Ray Charles On Piano Jazz

Ray Charles and Marian McPartland. i i

Ray Charles and Marian McPartland. Courtesy of Vanguard hide caption

itoggle caption Courtesy of Vanguard
Ray Charles and Marian McPartland.

Ray Charles and Marian McPartland.

Courtesy of Vanguard

Set List

  • "Summertime" (G.& I. Gershwin, Heyward)
  • "The Man I Love" (G. & I. Gershwin)
  • "Willow Weep for Me" (Ronell)
  • "Blues" (Charles, McPartland) & Things Ain't What They Used to Be (Ellington)
  • "Am I Blue" (Akst, Clark)
  • "Portrait of Ray Charles" (McPartland)
  • "Oh, What a Beautiful Morning" (Rodgers, Hammerstein)
  • "Ray and Marian's Blues" (Charles, McPartland)

Singer, pianist and composer Ray Charles is one of the most legendary musicians of the 20th century. His unique style drew on a wide variety of influences that can be traced back to the music he heard as a kid growing up in the rural South: the blues music played by the men in his town, the gospel music he heard at church, country music on Saturday-night broadcasts of the Grand Ole Opry, and the big-band music of Ellington and Basie that he heard late at night on the radio.

Charles was born Ray Charles Robinson on Sept. 23, 1930, in Albany, Ga. He slowly began to lose his eyesight as a child; by age 7, he was blind. He went to St. Augustine's School for the Deaf and Blind, where he began formal piano lessons. He studied classically there, but he enjoyed sneaking jazz and blues licks into his practicing.

After the devastating death of his mother when he was 15, Charles went to stay with friends of his mother in Jacksonville. There, he also began his professional music career, playing with local blues musicians. After gigging in clubs throughout Florida for several years, Charles moved to Seattle and started his own trio. He was 18.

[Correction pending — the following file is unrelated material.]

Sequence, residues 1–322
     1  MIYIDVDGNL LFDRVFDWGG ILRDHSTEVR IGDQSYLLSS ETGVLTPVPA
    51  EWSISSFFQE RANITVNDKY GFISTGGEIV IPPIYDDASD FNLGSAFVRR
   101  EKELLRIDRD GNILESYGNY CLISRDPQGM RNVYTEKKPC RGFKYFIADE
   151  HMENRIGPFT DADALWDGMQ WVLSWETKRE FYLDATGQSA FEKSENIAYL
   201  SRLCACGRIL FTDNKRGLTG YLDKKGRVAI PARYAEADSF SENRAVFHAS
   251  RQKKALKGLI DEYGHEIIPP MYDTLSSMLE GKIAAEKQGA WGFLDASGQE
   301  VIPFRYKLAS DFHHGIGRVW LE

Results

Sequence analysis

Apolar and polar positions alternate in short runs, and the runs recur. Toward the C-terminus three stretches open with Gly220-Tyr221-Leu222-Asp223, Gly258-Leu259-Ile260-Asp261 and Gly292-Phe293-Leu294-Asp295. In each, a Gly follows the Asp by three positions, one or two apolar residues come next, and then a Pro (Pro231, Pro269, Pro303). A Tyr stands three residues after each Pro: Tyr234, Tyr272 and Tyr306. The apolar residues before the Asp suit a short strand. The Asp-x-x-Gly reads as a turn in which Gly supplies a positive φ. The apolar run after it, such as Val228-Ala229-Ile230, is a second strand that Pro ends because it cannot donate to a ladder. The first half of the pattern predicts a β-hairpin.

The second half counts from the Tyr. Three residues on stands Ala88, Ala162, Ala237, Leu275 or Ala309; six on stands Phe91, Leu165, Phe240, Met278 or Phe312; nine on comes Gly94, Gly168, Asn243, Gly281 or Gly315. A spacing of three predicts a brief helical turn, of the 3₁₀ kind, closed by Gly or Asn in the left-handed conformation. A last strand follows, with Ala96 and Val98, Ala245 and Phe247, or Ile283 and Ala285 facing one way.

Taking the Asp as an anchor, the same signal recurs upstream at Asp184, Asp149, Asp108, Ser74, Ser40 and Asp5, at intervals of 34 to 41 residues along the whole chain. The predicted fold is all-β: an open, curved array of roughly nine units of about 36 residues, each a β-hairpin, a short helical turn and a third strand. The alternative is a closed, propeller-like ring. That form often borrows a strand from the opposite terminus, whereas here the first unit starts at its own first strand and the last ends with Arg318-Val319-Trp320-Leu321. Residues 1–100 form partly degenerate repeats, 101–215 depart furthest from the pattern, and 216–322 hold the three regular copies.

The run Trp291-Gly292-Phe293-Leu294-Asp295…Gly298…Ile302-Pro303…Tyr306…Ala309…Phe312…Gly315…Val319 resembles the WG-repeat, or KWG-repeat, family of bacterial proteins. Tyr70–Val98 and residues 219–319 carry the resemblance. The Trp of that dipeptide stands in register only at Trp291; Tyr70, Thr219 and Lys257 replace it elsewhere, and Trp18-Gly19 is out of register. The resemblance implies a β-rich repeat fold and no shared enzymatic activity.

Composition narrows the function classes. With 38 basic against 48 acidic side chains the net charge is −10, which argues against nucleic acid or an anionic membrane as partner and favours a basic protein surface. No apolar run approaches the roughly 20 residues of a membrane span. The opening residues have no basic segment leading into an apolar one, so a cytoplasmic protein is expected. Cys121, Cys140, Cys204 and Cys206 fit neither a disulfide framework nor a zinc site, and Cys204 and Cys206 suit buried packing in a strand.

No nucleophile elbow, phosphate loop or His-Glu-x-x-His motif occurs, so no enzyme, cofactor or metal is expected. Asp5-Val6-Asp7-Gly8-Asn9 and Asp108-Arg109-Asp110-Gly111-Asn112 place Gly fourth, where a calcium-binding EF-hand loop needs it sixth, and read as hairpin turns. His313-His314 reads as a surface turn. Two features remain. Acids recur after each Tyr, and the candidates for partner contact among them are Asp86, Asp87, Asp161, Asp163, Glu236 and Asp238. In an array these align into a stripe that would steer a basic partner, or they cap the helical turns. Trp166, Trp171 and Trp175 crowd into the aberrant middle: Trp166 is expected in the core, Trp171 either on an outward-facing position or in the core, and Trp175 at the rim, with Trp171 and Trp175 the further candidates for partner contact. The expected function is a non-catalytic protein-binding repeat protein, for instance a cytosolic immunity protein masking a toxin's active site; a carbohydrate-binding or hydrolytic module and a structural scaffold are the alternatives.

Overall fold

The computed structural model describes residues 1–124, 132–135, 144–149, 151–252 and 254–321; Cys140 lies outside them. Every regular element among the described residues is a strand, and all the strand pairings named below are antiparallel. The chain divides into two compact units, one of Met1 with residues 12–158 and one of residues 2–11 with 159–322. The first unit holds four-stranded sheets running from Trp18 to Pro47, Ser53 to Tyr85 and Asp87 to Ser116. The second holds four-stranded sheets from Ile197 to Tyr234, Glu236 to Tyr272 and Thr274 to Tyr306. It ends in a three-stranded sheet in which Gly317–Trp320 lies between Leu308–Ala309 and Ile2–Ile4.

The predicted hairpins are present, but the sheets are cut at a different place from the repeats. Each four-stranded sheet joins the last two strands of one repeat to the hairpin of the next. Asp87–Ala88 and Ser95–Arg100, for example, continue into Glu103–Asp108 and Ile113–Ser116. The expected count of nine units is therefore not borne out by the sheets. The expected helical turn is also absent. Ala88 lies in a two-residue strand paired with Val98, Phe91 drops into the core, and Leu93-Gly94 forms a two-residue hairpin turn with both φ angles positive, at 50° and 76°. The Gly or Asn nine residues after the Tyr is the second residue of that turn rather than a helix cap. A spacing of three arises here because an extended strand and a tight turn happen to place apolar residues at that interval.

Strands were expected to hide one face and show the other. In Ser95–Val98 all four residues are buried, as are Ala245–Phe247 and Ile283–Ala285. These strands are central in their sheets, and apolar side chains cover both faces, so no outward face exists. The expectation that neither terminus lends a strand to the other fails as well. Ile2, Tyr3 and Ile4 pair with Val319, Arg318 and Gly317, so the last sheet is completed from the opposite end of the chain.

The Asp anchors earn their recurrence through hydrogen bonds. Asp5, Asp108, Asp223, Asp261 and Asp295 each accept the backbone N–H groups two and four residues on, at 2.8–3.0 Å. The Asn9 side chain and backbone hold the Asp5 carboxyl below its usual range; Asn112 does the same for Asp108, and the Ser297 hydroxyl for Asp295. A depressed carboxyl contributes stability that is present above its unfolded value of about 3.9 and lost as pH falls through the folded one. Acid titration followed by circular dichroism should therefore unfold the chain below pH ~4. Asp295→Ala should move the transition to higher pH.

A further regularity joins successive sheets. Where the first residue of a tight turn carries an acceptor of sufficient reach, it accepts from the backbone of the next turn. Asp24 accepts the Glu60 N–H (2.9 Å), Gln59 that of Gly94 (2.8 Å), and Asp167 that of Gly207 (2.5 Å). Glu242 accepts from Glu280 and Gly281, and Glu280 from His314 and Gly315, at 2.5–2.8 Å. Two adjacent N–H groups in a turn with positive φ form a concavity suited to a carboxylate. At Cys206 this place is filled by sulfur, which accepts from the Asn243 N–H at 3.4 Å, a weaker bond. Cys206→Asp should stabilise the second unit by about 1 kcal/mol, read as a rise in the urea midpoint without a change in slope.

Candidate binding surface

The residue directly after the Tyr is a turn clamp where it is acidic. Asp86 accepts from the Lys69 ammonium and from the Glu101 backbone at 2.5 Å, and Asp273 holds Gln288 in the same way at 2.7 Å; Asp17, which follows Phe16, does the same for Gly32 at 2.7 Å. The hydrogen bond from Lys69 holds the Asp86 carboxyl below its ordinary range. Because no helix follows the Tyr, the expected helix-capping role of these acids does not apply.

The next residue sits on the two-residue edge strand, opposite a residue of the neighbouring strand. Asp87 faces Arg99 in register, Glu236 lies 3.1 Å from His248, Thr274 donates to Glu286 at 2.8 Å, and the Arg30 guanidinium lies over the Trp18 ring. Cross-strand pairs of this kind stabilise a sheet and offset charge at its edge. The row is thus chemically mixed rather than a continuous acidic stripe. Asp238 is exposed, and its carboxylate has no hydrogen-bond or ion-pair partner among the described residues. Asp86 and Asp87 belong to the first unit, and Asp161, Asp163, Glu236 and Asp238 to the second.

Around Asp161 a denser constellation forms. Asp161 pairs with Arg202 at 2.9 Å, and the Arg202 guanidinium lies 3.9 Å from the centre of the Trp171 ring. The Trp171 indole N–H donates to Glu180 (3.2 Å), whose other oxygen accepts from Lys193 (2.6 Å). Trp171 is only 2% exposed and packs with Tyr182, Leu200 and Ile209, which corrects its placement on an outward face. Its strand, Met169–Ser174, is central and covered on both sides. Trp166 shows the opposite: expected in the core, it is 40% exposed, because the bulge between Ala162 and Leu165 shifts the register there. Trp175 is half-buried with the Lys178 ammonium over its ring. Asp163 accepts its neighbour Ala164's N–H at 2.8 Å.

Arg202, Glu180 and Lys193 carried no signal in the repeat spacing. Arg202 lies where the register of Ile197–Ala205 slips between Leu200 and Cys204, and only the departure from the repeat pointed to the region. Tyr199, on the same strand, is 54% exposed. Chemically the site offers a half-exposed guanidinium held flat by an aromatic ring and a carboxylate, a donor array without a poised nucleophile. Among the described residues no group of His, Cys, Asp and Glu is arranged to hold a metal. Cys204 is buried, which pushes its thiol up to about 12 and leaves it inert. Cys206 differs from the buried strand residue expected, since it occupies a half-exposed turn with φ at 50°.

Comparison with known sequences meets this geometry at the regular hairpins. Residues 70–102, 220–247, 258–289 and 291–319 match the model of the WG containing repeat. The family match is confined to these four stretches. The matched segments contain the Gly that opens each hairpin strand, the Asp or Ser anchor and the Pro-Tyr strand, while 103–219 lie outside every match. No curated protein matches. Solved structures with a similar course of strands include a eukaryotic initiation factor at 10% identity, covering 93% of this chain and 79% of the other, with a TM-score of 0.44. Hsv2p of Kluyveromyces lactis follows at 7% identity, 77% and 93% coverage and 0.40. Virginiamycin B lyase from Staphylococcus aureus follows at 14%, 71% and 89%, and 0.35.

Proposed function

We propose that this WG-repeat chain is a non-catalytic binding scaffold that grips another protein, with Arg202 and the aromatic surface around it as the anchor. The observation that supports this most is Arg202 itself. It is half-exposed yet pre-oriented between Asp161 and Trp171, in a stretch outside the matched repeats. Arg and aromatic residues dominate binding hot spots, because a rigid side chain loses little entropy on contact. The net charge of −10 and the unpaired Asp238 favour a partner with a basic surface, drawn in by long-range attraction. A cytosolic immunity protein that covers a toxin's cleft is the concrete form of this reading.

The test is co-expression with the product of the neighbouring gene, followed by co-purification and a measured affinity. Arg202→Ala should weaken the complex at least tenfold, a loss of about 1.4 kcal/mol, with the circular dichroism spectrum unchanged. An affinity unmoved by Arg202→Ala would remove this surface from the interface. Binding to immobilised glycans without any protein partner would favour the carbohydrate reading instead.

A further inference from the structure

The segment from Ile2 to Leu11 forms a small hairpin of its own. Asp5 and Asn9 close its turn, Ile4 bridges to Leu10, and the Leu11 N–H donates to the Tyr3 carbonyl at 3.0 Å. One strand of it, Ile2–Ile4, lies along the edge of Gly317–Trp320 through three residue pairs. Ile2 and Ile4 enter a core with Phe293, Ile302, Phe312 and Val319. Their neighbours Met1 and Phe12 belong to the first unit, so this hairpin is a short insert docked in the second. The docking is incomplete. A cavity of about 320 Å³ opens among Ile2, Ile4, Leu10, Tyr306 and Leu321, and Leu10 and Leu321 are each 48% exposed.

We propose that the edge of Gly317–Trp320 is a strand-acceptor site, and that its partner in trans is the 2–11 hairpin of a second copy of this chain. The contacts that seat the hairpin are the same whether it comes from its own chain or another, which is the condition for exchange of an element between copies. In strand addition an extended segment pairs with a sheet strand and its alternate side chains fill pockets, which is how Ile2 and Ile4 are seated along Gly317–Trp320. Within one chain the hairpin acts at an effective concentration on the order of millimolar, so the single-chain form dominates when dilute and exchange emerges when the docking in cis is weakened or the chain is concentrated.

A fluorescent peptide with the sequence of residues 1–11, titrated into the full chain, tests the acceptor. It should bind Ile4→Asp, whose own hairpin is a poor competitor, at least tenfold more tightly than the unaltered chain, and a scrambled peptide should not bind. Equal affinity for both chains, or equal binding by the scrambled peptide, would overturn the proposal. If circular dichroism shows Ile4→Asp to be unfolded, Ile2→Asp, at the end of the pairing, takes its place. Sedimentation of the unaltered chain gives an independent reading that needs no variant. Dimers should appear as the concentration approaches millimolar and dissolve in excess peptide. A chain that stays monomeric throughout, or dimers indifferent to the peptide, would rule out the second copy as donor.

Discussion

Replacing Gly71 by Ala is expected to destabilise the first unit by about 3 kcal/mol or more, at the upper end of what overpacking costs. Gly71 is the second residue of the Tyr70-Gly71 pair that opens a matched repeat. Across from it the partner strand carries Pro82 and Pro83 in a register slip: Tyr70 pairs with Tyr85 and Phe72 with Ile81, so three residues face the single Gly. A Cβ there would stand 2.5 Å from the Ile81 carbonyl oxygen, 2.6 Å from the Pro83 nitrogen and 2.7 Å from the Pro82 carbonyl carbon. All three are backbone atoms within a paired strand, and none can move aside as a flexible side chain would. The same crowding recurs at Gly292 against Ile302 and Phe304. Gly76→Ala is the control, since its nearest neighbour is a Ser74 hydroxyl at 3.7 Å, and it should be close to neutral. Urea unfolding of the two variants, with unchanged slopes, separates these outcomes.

Throughout the '40s and early '50s, Charles began developing his unique genre-blending style in clubs throughout the Northwest. Though he had originally modeled his style after Nat "King" Cole, Charles eventually found his own voice. His early successes included songs such as his first R&B charting tune, "Baby Let Me Hold Your Hand"; his debut single with Atlantic, "Roll With Me Baby"; and "It Should Have Been Me," which made it to #7 on the R&B charts. In the late '50s and early '60s, Charles began his rise to fame with chart-topping crossover hits such as "What'd I Say," "Georgia on My Mind," "Let The Good Times Roll" and "Hit The Road, Jack."

During a career that spanned 58 years, Charles' unique contributions to popular music spanned 250 albums in various genres, from soul to jazz to country to gospel. His artistry has been recognized with 12 Grammy Awards, a Presidential Medal for the Arts and the Kennedy Center Honors, just to name a few.

Charles died on June 10, 2004, at the age of 73. At the time, he was working on a duets album called Genius Loves Company that featured Charles' collaborations with Elton John, Bonnie Raitt, Norah Jones and Van Morrison. The album was released in August 2004, won countless awards, and hit #2 on the Billboard charts.

Originally recorded Jan. 9, 1990. Originally broadcast April 6, 1991.

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